So you pick your Pokemon, grab your balls (Pokeballs) and your journey begins. There's a bit where you have to overthrow a corrupt Pokemon gang called Team Rocket, but the story is pretty much 1. Get stronger and 2. Beat up everybody who so much as glances in your direction. Simple stuff.
Charmander, bringing 'da heat
How to accomplish both 1 and 2 above requires you to catch more Pokemon. You can have as many as you want total, but you are limited to only having six on your team. Pokemon are also assigned a unique element, which each has their own specific weaknesses. Simple ones are that fire is weak to water (meaning the Charmander above is screwed if the Squirtle knows Water Gun), while others get more complex (Psychic is weak to Bug, Strength is weak to Psychic, etc.). The basic elements of this first version are Normal, Fire, Fighting, Water, Flying, Grass, Poison, Electric, Ground, Psychic, Ice, Bug, Ghost, and Dragon. Knowing and mastering these strengths and weaknesses is probably the biggest key point in the game, and being able to actively attack and defend against any of these types requires you to have a perfect team. Pokemon can also have hybrid types (for example, Charizard is a Fire/Flying), with a main type and a side type. These weaknesses can stack and so can strengths (so since both fire and rock take 2x damage from water, a fire/rock Pokemon would take 4x), meaning you have to be very careful in who you pick and who you send out.
You also aren't limited to just your own elemental powers, since moves themselves are assigned elements as well. Your Pokemon often stay reasonably within their assigned class type when they learn moves via leveling up, but you can acquire special items (TMs) that teach moves that can mix things up. Some of the most valuable Pokemon (the dragons), are awesome because you can teach them from a massive pool of elemental type moves. Unlike the Pokemon, however, moves can't have multiple types.
Seriously, it's a lot to remember.
And then the clincher: you can only have four moves at a time, and if you forget a move it's gone forever (except if you fulfil a very specific set of requirements and for just one Pokemon). So when you are making your team of awesome, you have to be careful to not screw it up. This can be a big pain because of the UI; you don't know what moves do or even what element they are (though you can guess what "Fire Blast"'s element is) until after you either actually learn it or look it up online. This can mean you could seriously mess up your Pokemon if you forgot an essential move. You can fix this most of the time by catching another one (if it is a catchable type) and fixing it later, but it still is an annoyance.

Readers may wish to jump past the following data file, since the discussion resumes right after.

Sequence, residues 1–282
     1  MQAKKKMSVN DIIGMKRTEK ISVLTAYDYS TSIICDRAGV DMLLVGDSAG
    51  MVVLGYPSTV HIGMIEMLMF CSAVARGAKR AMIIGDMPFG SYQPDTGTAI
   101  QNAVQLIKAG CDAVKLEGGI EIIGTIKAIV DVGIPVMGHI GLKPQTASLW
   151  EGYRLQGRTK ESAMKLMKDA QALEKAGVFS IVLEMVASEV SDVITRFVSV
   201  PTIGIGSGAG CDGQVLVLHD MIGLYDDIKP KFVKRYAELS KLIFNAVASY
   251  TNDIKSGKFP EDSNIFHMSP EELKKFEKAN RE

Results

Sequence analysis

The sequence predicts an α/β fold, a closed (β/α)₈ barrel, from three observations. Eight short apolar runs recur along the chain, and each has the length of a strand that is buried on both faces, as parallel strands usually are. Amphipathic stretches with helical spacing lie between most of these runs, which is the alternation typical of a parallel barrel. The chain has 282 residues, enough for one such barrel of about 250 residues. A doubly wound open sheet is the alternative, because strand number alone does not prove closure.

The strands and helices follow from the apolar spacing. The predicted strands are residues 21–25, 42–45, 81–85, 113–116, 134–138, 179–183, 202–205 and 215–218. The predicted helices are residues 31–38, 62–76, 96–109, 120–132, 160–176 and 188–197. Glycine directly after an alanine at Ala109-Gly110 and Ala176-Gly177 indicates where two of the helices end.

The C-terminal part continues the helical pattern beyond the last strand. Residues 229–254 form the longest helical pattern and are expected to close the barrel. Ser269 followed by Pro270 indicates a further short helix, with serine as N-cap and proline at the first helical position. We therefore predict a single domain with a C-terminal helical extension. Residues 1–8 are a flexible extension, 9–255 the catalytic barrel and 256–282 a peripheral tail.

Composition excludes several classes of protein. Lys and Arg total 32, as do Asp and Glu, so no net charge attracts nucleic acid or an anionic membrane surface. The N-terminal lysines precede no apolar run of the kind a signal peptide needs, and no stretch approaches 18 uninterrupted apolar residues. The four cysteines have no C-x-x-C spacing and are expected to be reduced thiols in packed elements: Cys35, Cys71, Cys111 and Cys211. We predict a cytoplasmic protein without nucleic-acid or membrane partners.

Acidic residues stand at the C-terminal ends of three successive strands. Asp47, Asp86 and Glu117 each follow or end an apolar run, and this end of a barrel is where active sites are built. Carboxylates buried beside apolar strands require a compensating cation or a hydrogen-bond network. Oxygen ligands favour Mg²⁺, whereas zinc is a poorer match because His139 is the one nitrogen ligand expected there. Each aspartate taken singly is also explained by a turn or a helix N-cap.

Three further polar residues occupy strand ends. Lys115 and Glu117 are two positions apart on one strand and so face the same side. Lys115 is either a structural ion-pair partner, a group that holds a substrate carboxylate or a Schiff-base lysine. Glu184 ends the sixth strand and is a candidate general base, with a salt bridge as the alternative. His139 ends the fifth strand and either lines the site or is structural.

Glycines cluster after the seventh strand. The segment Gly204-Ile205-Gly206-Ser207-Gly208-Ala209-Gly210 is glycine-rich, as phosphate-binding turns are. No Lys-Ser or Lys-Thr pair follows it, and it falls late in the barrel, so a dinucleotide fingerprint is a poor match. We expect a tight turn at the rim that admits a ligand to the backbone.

You also have to choose whether to evolve your Pokemon (which makes them tougher but they learn moves slower), or leave him where he is (where he stays weaker but can learn better moves at a faster rate)
So how do you form this Poke-team? You gotta go out there and catch them! While the battle mechanics of Pokemon can be extremely complex, the actual system themselves is traditional turn-based JRPG. You wander around in tall grass (or get spotted by another trainer) to start a battle. Once in it, you take turns attacking based on the various Pokemon's speed stat (and there are, of course, moves that buff or debuff). You can also spend a turn to take a Pokemon back and send another one out, earning the newcomer a free hit from the enemy. After you've beat the everloving crap out of the other guy (but not enough to kill him, just barely), you can throw a Pokeball and pray (holding Down+B also helps). If you are lucky, you catch the wild Pokemon and he becomes yours FOREVER. If you fail, you can keep throwing with the hope that you'll get it, while the wild Pokemon gets a free hit on your guy every time you fail.
Somebody actually figured out the math for this. Freaking insane.
Which brings me to a big complaint (and one that continue throughout the series): catching Pokemon is both exciting and immensely frustrating. Yes, you can buy better Pokeballs that have a better chance of catching. Yes, there are moves that drop an enemy HP to 1 (though False Swipe wasn't introduced until Generation II, so it isn't in this game) and not 0, which is ideal for catching. But missing ten Pokeballs in a row or accidentally hitting an rare Pokemon down to 0 so the battle ends instead of giving you a chance to catch it is infuriating. Considering it's trying to take regular RPG mechanics of "dealing damage" and applying a requirement of precision from them is really obnoxious.